A place wherein this Dwarven Cleric can share his love of maps, dice, miniatures, and all things involving gaming and general geekery--not to mention the occasional witty non-gaming observations--whilst escaping from the humdrum existence of his routine Terran existence.

Hail and Well Met, fellow traveler! May my Stronghold provide a place for enlightenment and amusement, and somewhere to keep your dice dry. Enter and rest awhile.

19 December 2014

[From the Mailbag] MYTHOARD!

I just received the inaugural Mythoard package/bundle in the mail today. Great stuff. Really great stuff. Talk about an early Christmas; my wife suggested I leave it under the tree for a week.


The first thing I saw coming out of the envelope was a poster of two baby phoenixes, courtesy of Baby Bestiary.

Next out was a book: 10+ Treasures by David Guyll & Melissa Fisher, published by Awful Good Games. Designed for Dungeon World, at first glance, most--if not all--of these items are easily translated to any OSR or 3.x version of that one RPG. Not only does the book come with 30+ detailed treasure items, there's also a section that walks through item creation, and the theory behind it. Excellent stuff.

Then there was a postcard from the incomparable Jim Magnusson. This postcard features the Mushroom King. As one of Jim's Patreons, I already received a copy of this; however, one can never have too many--it just means another framed piece of art for my office. (Let my clients figure THAT out.)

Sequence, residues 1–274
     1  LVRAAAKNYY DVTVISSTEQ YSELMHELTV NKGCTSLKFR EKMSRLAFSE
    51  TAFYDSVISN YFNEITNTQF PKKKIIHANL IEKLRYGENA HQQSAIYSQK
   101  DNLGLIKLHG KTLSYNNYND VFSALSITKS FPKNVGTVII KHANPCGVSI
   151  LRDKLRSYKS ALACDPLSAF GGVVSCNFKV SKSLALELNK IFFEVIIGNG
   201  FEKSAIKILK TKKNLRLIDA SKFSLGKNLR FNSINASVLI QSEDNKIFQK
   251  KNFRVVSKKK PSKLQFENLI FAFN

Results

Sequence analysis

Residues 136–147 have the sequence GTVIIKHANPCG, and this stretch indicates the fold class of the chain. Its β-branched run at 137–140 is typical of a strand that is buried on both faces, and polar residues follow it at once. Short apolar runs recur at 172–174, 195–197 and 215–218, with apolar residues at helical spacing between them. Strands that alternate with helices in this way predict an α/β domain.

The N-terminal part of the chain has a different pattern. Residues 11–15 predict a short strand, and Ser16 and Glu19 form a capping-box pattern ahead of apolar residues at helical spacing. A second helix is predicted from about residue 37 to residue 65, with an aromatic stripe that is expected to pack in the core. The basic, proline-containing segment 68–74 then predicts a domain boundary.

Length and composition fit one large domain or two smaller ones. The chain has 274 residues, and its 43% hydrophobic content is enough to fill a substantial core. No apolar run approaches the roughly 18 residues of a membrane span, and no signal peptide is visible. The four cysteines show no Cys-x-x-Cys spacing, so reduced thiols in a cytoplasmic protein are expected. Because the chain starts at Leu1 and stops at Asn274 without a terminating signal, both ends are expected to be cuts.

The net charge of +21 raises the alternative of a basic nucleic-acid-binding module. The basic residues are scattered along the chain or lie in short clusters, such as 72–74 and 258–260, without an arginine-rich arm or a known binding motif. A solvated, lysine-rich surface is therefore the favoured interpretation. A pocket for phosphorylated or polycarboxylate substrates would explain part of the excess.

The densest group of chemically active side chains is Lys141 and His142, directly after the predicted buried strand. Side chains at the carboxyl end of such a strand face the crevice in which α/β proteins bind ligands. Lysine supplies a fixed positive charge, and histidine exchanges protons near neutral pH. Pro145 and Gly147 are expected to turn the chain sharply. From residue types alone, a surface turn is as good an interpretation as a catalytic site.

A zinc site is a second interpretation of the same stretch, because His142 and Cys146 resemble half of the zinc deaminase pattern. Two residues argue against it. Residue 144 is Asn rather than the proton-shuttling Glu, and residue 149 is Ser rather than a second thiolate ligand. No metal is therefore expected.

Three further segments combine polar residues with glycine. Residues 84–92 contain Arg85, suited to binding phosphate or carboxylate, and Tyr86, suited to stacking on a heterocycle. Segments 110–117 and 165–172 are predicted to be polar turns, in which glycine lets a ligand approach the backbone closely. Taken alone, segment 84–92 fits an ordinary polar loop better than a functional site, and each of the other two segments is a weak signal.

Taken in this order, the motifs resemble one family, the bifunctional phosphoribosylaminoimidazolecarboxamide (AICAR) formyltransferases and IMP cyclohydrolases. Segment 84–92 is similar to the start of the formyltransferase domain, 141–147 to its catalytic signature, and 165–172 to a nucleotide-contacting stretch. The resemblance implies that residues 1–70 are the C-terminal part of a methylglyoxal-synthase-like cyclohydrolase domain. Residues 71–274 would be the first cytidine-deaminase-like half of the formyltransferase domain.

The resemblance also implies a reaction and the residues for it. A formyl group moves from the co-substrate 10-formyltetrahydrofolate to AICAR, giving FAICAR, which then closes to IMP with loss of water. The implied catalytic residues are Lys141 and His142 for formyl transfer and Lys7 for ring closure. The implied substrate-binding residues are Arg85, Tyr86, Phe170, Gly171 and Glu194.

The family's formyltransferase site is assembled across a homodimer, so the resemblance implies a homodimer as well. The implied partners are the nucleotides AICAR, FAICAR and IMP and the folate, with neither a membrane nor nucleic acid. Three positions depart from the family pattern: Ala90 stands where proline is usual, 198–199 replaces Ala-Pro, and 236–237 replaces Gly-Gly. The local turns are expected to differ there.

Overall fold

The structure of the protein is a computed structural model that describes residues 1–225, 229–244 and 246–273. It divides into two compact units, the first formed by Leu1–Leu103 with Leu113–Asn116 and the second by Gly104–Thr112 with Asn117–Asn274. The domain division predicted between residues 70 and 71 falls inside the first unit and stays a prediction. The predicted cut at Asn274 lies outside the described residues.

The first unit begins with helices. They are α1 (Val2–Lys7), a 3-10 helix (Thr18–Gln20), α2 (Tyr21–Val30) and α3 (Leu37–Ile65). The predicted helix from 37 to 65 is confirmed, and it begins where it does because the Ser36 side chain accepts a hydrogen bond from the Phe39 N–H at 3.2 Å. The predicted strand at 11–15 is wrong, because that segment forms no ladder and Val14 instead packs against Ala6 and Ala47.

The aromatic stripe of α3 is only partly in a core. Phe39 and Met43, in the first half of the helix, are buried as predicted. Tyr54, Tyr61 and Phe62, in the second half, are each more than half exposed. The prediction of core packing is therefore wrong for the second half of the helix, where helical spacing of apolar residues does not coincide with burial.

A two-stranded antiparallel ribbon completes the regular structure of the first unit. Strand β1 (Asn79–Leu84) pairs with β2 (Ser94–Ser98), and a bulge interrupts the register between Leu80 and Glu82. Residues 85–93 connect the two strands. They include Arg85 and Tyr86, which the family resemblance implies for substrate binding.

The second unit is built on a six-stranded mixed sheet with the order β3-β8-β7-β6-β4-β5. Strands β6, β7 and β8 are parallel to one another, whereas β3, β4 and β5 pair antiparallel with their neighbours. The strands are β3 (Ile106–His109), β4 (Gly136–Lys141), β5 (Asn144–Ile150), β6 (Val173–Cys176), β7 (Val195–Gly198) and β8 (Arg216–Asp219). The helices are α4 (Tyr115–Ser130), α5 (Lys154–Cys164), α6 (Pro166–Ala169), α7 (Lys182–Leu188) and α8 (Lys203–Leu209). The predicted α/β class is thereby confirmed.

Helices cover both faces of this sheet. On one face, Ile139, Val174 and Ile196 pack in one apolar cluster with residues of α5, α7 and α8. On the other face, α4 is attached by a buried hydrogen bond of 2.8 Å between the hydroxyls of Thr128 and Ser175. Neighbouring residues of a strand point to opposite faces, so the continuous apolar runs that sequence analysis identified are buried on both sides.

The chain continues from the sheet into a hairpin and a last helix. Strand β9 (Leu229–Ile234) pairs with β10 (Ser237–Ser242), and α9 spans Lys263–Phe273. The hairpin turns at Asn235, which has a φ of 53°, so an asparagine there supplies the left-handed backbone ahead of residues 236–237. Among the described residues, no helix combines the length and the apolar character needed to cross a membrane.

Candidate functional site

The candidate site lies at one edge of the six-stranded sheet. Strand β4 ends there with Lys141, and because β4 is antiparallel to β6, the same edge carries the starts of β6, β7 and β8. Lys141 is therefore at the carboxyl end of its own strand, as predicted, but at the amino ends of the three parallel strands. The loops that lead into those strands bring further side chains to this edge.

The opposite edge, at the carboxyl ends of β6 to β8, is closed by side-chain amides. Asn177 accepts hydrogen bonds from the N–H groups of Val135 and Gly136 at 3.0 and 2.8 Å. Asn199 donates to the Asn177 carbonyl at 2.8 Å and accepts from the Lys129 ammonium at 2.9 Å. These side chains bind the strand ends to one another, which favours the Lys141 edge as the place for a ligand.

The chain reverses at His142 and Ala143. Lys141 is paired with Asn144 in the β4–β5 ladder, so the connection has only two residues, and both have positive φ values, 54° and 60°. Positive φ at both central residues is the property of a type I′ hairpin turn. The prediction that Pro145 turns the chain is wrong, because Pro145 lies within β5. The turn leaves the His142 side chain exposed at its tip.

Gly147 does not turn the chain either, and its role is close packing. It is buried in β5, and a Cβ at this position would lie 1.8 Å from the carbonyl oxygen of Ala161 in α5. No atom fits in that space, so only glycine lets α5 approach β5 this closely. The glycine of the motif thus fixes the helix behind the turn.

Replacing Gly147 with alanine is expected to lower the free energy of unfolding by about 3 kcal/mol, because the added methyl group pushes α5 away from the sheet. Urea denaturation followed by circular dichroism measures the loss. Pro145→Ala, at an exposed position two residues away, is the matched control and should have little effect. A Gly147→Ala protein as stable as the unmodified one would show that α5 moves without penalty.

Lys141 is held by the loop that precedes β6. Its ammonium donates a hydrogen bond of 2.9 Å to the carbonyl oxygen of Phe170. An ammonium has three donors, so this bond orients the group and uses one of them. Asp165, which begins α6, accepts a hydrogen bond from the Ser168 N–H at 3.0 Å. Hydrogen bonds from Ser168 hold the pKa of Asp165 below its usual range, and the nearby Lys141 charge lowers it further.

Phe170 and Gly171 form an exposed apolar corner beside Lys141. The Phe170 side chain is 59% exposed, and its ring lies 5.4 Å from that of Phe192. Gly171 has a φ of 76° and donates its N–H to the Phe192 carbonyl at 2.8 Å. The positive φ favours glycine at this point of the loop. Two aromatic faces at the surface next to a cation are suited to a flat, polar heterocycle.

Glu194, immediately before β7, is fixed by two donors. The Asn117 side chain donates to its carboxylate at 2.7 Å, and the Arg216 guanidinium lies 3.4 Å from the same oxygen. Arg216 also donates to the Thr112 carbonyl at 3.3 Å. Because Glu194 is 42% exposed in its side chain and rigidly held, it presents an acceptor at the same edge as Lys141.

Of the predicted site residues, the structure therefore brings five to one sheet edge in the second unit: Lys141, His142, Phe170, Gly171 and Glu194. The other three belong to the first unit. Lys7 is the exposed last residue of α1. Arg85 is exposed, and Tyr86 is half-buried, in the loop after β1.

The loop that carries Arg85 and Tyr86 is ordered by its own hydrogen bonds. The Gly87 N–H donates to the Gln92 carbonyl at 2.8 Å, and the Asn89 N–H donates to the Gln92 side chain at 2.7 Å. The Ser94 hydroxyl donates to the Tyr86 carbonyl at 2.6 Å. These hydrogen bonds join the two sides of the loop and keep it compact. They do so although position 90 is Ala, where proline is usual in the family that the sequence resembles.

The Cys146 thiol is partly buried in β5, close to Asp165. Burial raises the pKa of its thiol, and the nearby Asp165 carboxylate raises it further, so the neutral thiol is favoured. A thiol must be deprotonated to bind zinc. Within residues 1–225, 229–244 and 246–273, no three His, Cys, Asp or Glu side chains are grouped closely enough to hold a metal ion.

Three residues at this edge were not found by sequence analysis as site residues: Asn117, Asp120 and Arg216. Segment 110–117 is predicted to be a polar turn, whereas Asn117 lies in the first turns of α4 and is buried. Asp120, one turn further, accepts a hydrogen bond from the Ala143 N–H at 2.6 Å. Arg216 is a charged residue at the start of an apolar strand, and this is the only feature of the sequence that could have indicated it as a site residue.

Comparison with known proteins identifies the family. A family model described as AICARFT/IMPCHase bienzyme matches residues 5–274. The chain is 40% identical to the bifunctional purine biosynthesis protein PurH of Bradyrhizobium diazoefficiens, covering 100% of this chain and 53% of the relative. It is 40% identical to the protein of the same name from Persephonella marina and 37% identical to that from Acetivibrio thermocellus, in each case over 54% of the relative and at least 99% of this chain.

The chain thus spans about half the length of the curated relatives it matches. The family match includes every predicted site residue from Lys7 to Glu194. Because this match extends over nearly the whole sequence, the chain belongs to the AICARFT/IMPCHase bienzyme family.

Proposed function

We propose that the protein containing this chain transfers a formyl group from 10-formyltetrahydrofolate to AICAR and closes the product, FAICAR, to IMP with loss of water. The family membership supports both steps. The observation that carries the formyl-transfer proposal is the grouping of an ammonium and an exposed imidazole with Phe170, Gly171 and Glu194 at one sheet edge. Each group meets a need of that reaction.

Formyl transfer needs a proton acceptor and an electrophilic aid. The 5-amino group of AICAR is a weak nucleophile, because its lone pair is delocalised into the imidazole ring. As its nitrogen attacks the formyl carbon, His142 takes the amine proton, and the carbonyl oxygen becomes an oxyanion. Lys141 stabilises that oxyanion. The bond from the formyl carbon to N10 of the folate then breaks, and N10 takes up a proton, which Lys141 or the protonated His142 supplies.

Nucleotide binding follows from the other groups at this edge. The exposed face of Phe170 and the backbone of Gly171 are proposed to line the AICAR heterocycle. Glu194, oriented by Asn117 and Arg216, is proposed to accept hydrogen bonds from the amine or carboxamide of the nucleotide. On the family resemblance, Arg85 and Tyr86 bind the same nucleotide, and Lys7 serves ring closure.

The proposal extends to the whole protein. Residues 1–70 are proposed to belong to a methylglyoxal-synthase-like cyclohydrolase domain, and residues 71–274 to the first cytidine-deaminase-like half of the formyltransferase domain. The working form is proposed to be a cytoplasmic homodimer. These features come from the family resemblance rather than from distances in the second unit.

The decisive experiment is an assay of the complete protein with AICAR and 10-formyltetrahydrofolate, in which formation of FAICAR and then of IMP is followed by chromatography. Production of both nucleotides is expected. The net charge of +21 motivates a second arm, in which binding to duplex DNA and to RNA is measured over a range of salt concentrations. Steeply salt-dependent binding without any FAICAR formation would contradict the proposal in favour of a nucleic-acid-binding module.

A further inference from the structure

Also included was a pack of Blue Dungeon Tiles by Red Kobold. I didn't have the chance to support these when they came up on Kickstarter, as I was low on funds. I wish I'd made the effort; these look GREAT. They're double-sided, usable with wet-erase, dry-erase, or permanent markers. 4x4 grids of corridors, rooms, and stairways. I'll definitely be saving up to grow my collection of these babies.

Last, but not least, Tim Shorts' Mythoard Exclusive labor of love: Stone Fields of Azoroth. Three separate books outline the environs: The village of Bad Water, the Last Temple of Praxus, and the Prison of Azoroth. Each one comes chock-full of NPCs, flavor, and maps. Everything you've come to expect from Tim, and more. You won't be disappointed. Well, I guess you will...unless you were one of the subscribers to Mythoard.

Then, down in the bottom corner of the envelope were three little beauties. A random d20 and two random d6. Ain't they purty? They wanted to get photographed just as soon as they came out of the wrapping. As you know, I can never have too many dice. These will cap off my 2014 fairly well.

Thanks to Jarrod Shaw as well as Kevin Chenevert and all the other contributors. My day has been made! If you haven't already checked out Mythoard, do it now. Sign up. Well, as long as you don't take MY bundle.

[Found Item Friday] El Diablo Cometh!

I dropped by my FLGS this morning, thinking as I got out of my car that I should leave my wallet under the seat. After all, I really couldn't afford much of anything. I mean, NOTHING at all.

I should have listened to my doubts.

Well, maybe; maybe not. I went in looking for a copy of the 2nd Edition AD&D title, The Complete Book of Dwarves. I was going through my shelves earlier this week and realized that my copy was missing. At least, I'm fairly sure I had a copy. The FLGS usually has an eclectic mix of out-of-print titles from earlier editions. They didn't have that title (although they did have The Complete Book of Psionics (which I'm not interested in) and The Complete Book of Fighters (which I already have)) but they did have a couple titles that piqued my interest. Titles that I got for around 60% of cover price (even the marked-down price was discounted for me).